• If you’re trying to lose weight, you should hop on the scale daily, according to a new report.  >> Read more trending news  Researchers from the University of Georgia recently conducted a study, published in the Obesity journal, to determine the benefits of daily self-weighing during the holiday season. To do so, they split 111 adults, aged 18 to 65, into two groups. One group was required to avoid weight gain and to weigh themselves daily on scales that also provided graphical feedback on their weight fluctuations. Those in the control group were given no instructions at all. After analyzing the results, the subjects who weighed themselves daily maintained or lost weight during and after the holiday season. However, those in the control group gained weight.  >> Related: Muscle-building protein shakes linked to weight gain, depression in new study “Maybe they exercise a little bit more the next day (after seeing a weight increase) or they watch what they're eating more carefully,” co-author Jamie Cooper said in a statement. “The subjects self-select how they're going to modify their behavior, which can be effective because we know that interventions are not one-size-fits-all.” She also said, “People are really sensitive to discrepancies or differences between their current selves and their standard or goal. When they see that discrepancy, it tends to lead to behavioral change. Daily self-weighing ends up doing that for people in a really clear way.” The scientists believe the subjects may have also changed their behavioral patterns, because they knew their weight would be recorded daily. They said their study was a form of intervention, it was effective because of its simplicity and adaptability.  >> Related: Intermittent fasting pros and cons: Should nurses try it? The team now hopes future investigations will assess self-weighing using scales that do not provide additional feedback.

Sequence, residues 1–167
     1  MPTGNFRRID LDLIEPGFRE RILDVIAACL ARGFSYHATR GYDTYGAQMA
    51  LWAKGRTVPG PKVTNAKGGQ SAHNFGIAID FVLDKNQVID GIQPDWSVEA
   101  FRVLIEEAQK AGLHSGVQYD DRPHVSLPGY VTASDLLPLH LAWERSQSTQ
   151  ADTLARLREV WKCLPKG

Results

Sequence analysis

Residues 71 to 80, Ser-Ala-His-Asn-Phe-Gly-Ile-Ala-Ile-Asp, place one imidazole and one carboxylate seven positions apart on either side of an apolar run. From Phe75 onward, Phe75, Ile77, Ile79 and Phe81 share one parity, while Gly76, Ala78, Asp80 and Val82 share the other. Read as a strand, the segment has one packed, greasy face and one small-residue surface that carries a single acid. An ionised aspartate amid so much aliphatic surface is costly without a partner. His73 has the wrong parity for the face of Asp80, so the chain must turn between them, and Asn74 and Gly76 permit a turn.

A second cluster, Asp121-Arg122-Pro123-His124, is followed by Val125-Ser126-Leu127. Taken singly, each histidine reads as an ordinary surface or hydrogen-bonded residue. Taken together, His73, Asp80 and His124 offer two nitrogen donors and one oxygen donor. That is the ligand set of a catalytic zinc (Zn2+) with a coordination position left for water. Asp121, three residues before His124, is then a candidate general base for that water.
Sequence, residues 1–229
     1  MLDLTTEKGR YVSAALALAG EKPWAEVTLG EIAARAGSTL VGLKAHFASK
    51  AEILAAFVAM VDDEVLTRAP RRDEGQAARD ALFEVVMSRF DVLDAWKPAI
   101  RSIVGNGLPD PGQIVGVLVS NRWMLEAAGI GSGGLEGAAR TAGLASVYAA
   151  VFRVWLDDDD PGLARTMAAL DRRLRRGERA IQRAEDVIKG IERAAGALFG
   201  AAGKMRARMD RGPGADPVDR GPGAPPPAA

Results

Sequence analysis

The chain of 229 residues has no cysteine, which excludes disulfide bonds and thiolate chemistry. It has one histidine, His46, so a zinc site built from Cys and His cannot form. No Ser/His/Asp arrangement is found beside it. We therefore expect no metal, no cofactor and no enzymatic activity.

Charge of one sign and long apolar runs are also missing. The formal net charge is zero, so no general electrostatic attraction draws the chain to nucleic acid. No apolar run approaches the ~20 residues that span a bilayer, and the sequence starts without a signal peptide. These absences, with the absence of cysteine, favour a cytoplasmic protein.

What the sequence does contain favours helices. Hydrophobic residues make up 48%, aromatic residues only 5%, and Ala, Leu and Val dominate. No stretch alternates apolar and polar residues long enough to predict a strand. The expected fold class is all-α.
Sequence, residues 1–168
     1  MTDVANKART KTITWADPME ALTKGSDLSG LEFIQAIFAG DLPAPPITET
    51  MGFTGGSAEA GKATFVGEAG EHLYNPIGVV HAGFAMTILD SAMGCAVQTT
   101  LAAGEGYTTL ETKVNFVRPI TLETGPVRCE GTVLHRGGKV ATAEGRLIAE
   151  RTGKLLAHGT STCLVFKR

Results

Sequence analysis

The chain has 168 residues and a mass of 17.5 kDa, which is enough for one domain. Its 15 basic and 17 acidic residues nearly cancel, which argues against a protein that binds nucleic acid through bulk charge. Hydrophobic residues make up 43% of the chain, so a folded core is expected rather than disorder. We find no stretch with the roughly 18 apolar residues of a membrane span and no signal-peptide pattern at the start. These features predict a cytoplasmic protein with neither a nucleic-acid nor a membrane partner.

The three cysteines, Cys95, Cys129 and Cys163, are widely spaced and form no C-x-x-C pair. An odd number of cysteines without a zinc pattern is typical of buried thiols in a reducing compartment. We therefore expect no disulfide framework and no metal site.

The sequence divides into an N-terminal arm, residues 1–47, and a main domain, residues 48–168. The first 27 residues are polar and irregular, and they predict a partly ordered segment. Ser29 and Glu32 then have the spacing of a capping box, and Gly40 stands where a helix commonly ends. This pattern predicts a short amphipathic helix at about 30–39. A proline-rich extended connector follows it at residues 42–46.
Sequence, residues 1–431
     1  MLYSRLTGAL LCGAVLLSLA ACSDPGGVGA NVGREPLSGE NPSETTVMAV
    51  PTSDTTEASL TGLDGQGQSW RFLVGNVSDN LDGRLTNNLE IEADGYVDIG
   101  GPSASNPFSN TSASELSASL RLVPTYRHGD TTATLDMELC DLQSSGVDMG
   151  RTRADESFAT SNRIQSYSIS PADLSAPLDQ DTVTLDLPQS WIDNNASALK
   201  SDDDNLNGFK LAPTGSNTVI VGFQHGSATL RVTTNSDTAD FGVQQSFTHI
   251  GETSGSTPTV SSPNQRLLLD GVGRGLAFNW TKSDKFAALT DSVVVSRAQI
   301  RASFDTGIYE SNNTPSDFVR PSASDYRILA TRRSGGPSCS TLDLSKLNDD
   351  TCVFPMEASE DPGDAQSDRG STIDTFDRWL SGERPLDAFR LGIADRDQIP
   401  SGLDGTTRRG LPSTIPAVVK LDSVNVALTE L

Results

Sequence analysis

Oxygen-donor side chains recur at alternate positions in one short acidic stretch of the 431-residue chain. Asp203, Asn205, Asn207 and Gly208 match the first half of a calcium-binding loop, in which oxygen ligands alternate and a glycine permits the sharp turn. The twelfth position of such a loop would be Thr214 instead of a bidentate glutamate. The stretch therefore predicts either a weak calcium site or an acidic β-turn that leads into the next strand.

• Officials said Interstate 77 southbound in Charlotte, North Carolina, was briefly shut down after a fire engulfed a bus. One person was killed and four others were hospitalized with non-life- threatening injuries. >> Read more trending news  The incident happened at about 2:15 p.m. Sunday. The North Carolina State Highway Patrol told WSOC that a private bus crashed into a wall when attempting to exit the freeway. Trooper Ray Pierce told WSOC the deceased victim is an 82-year-old woman. He said one of the four people injured is in serious condition. Pierce said the bus caught fire after hitting the wall. WSOC confirmed the bus belongs to Victory Christian Center in Charlotte.
  • Memorial Day weekend is a time of reflection, travel and time with friends and family, but it can also be a dangerous time for drinking and driving. KRCR reported that the California Highway Patrol said in a tweet Sunday afternoon that there have been 741 DUI arrests this weekend so far. The arrests come as CHP has entered a maximum enforcement period, which started at 6 p.m. local time Friday and will last through Monday at 11:59 p.m. local time. >> Read more trending news  “There’s no excuse for driving impaired. Stay Put. Call a cab or ride share,” the  law enforcement agency said in a tweet. “Arrange for a sober driver in advance. Stop putting your life and the lives of innocent people at risk.” In addition to finding alternate means of transportation when drinking, CHP is reminding people to use seat belts. The agency said at least eight people died in a crash within the first six hours of the maximum enforcement period for the holiday weekend. CHP said more than half of those who died were not wearing seat belts. “One of the simplest things a person can do to stay safe is to buckle up,” CHP Commissioner Warren Stanley said in a Tuesday statement. “Not only does the law require vehicle occupants to wear a seat belt, but it helps protect against injury or death.”
  • Authorities in Dawson County are trying to find a man who they say walked away during a work detail.  Jeremy Pruitt-Akins, 29, was in in custody on a work release Saturday, the sheriff’s office said. Authorities said Pruit-Akins did not return to the Dawson County Detention Center at the end of his shift.  The sheriff’s office said he might be heading to Colorado by bus, but authorities aren’t sure if he went to the Gainesville or Atlanta bus station.  Officials believe he might be with Lea Marie Nichole Propst, 27. According to the sheriff’s office Pruitt-Akins has no pending charges, but there is an active escape warrant out against him. Anyone with information about his whereabouts is urged to contact the Dawson sheriff’s office at 706-344-3636. In other news: